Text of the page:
5. Dr. Jason will connect me with people that have been treated with 3BP and are alive

6. Due to the risks Dr. Jason has identified related to the 3BP treatment, he prefers to useintra-tumoral immunotherapy and ablation, as the success rate is much higher, looks like >80%. This sounds very interesting and I will ask more questions about this treatment route. I even intendto havea page dedicated to that if Dr. Jason will supply enough info.

7. Some relevant information related to Salinomycin treatment schedule has been shared as well: I will implement this on the Salinomycin page I intend to build soon but the most relevant point here is that there are various places in theworld where patients are treated with Salinomycin and where the treatment cycle include 5days treatment / week and 4 consecutive weeks. From my personal experience I think this may depend on the patient response and if the response is great lower treatment frequency may be required. Note that the published report where Salinomycin was used on humans at Heidelberg 2012, teh treatment cycle was during 24 days, one day on and one off. Again, to me Salinomycin is the most effective treatments I have seen so far. That is all about Salinomycin. Valium and Propranolol may be used for pre treatment before Sal treatment – I have to check this one.

9. Results seems to be better when combining Sal with 3BP compared to when using single substances for treatment.

10. Received a very interesting article on the lactate transport. I will study and come back with conclusion:http://www.ncbi.nlm.nih.gov/pubmed/24928781

11. Dr. Jason thinks “there are still uses for 3BP and hopefully with the right combo, it can be even better”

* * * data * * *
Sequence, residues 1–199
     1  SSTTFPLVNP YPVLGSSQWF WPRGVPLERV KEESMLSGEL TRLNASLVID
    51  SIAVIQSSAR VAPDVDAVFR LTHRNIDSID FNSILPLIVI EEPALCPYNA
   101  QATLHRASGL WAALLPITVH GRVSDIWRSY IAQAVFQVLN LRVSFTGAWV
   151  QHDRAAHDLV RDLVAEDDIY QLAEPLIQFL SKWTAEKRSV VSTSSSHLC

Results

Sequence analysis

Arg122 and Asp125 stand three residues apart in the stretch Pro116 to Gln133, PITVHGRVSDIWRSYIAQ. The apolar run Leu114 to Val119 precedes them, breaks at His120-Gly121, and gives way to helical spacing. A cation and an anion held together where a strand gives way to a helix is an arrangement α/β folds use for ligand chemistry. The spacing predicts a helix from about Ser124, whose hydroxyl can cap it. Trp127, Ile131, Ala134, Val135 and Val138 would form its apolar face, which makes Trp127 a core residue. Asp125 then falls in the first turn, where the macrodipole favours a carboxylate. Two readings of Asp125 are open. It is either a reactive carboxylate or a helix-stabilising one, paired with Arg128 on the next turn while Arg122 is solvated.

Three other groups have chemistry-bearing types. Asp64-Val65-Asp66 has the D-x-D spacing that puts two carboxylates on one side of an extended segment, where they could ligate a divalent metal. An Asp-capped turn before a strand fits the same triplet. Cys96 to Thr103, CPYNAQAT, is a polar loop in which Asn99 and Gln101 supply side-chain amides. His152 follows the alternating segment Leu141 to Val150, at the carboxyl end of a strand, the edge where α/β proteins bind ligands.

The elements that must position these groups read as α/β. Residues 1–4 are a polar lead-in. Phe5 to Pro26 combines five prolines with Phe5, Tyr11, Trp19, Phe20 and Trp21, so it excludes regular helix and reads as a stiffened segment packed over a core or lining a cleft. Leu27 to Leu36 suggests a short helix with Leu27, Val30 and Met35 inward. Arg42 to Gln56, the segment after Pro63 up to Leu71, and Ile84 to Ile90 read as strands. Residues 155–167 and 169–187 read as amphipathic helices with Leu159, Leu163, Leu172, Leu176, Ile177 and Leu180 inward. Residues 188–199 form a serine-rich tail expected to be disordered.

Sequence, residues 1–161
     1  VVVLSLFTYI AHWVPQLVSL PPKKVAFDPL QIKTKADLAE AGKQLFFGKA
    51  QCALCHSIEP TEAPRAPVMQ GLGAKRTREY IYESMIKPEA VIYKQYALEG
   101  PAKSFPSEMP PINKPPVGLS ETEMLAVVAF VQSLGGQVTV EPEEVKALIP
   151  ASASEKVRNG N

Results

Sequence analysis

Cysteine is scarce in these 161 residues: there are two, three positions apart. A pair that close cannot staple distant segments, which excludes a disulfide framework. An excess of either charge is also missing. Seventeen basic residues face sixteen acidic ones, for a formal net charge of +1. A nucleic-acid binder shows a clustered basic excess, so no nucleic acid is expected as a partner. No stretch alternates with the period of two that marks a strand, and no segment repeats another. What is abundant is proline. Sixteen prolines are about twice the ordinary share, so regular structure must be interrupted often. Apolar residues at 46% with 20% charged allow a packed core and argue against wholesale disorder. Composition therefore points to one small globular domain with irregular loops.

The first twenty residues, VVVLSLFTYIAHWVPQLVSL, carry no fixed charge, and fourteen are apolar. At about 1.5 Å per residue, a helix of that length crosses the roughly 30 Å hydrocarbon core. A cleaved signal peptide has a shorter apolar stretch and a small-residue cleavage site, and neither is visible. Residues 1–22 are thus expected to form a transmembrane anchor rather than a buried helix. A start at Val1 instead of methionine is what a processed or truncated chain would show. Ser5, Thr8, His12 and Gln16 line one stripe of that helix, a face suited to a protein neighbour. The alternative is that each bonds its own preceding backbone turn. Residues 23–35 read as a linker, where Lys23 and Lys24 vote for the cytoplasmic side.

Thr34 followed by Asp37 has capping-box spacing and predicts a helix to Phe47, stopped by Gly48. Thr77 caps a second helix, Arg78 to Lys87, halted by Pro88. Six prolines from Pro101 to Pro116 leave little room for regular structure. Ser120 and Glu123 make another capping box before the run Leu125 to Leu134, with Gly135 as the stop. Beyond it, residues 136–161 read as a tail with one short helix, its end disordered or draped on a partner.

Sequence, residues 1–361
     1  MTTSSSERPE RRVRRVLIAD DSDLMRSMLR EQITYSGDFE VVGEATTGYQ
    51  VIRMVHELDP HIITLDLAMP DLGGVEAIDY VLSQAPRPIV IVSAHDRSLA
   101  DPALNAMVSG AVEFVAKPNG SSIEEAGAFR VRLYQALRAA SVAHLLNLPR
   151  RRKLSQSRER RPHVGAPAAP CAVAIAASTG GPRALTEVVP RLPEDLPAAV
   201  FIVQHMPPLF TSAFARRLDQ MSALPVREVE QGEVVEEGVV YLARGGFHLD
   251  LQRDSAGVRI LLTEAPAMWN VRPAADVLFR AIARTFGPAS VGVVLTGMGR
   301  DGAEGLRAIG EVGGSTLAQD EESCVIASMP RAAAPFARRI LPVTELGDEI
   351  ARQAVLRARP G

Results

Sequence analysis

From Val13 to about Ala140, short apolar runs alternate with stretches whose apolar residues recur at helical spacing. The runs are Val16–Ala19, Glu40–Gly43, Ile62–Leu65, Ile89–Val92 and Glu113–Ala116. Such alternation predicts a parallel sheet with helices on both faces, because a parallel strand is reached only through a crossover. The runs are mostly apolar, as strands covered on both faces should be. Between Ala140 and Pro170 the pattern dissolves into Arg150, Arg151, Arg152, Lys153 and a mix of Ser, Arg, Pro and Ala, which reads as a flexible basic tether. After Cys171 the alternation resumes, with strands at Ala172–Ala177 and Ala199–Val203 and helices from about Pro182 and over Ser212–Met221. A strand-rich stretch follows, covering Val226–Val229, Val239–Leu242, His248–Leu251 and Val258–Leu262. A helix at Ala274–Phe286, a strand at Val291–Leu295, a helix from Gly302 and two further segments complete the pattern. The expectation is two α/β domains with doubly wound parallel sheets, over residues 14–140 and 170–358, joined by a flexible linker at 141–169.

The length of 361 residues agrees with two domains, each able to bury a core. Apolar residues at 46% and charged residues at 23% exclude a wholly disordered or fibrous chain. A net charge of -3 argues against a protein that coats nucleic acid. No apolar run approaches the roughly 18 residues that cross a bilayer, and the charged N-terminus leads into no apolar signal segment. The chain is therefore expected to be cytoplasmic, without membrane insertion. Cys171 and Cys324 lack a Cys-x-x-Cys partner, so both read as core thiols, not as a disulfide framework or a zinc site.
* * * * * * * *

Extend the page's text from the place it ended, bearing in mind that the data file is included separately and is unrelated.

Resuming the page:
12. On the future of 3BP: “Patent issues and analogs make developmentchallenging”

After all the above my questions are:

– Was paracetamol or any other technique to reduce glutathione used? This may be able to counteract the resistance if there is no change in metabolism.
– Was there a PET/CT scan performed after tumors became more aggressive? If yes were they more active on PET or become invisible on PET? This is very important since the tumor metabolism may be changed. If yes, which I believe is the case, we can come up with strategies to stop those as well.
– The patients were treated only at the clinic or they also had continuous treatment at home?

My conclusion from all input from Dr. Jason is as also suggested by Dayspring Clinic: in some cases 3BP is effective in affecting tumors that may not be anymore responsive to mainstream medicine. However 3BP treatment is an art and to make the best out of 3BP treatment we need to support 3BP. And we need to learn more on how to do that.

For now I wish to thank Dr. Jason for his kindness in sharing important information with us. Based on the info I have received and e-mail exchange with other people it is clear that he is focused on getting the best outcome for his patients.